And as we face that as a people, standing behind this glass bowl and talking about how remembering our baptism is going to help the situation just does not seem adequate at all. But then I remembered something. I remembered back when I was immersing myself in all those images of baptism, I remembered one of a water bottle. And if you’ve ever had a water bottle that didn’t come as part of a big, shrink wrapped pack, you’ve seen the label that adheres to the rules of the FDA to print nutritional info on the water.  And there’s not a think in water. Zero calories. Zero vitamins. Zero minerals. There is absolutely nothing in water if you look at the label ….except that we can’t live without it.


Something that looks like nothing is something we have to have to survive.  All of a sudden, my call for us to remember our baptism didn’t seem so insignificant anymore.  Because in baptism, we have this visible reminder of an invisible truth.  That we are claimed by God. We are claimed by the God who created this earth. We are claimed by a God who loves us enough to become one of us and save us. We are claimed by a God who has such a hold on us that it can never be broken.


Of course, there are still problems with talking about baptism today. One Lord. One Baptism. One Faith. Think about that for a minute and realize that many of the very people who were wielding torches, and in some cases assault weapons, are part of that one faith and that one baptism. That is painful.


And if we have to think about that, then we may also have to struggle with the idea that our often lukewarm commitment to the practice the sharing of “our brand” of Christianity has paved the way for those who are fully committed and totally on fire for a brand of Christianity that spreads hate and hurt.




Remember your baptism.


If we remember our baptism, that may mean that we may have to live in to some things that we will have to struggle with. But that’s okay, because in our baptism we remember that we are claimed by God. The God who gives us strength. The God who gives us courage. The God who gives us wisdom. So we can do that. We can DO that.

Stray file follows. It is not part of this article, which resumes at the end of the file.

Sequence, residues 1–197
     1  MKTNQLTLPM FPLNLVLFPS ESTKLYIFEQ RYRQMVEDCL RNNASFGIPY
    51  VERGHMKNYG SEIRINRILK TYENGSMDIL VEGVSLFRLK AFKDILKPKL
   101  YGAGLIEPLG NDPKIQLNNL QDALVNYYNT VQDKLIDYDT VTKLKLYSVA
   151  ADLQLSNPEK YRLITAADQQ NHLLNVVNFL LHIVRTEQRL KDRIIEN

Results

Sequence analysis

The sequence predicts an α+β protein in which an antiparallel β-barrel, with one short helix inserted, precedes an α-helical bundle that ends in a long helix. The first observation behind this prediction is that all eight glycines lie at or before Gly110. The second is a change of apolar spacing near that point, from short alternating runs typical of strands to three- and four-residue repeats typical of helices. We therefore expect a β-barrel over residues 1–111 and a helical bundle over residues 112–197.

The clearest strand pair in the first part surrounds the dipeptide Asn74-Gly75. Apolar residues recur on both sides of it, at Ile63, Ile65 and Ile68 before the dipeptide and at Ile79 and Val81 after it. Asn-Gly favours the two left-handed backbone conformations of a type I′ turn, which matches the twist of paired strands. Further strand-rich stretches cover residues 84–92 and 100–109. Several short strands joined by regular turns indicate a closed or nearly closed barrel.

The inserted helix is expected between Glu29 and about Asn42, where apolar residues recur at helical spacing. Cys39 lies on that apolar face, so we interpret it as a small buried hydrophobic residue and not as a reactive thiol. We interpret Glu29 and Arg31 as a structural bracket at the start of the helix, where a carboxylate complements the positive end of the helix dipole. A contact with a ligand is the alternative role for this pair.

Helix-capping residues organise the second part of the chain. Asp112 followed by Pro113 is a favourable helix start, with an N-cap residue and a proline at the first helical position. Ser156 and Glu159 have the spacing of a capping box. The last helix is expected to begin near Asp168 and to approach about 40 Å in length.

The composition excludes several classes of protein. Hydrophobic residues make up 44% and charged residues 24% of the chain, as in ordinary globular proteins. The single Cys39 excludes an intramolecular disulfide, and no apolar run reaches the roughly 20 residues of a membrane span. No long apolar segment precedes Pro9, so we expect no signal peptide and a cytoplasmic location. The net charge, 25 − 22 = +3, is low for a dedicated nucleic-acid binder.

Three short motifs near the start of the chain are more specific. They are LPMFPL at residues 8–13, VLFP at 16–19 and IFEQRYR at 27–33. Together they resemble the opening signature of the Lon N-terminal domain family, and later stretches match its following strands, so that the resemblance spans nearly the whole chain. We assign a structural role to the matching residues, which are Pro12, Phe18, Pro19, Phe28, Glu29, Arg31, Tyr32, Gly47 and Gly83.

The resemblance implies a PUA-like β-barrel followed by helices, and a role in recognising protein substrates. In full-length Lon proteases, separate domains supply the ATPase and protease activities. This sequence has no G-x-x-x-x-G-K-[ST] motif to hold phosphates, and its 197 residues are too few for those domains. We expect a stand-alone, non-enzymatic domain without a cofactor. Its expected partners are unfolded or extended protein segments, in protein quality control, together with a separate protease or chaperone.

When we get to those times in our lives when we think we are so tired of talking about racism and we have to realize that it is our very privilege that allows us to have the choice about whether we talk about it or not. Remember your baptism and find the strength to live in to that discomfort.


When you get to the point where every fiber of your being is screaming at you to return hate for hate. Remember your baptism and how much you are loved and how you are called to share that love.


And when you think that you can’t go on, that the world is just to evil a place, remember the words that you shared when you joined this church. You pledged a belief in Jesus Christ as your Lord and Savior. You promised to be an active and engaged church member, and you renounced evil and its power in the world. Remember your baptism. Remember the promises that you made.


Remember that there is no one and nothing in this world that is beyond redemption.  Minds can be changed. Hard hearts can be softened. Lives can be transformed. But it will take people like us refusing the remain silent. We must remember our baptism. That we belong to a loving, gracious and powerful God who will give us what we need to transform the people who would spread that hate and to help work towards the kingdom God has planned for us all.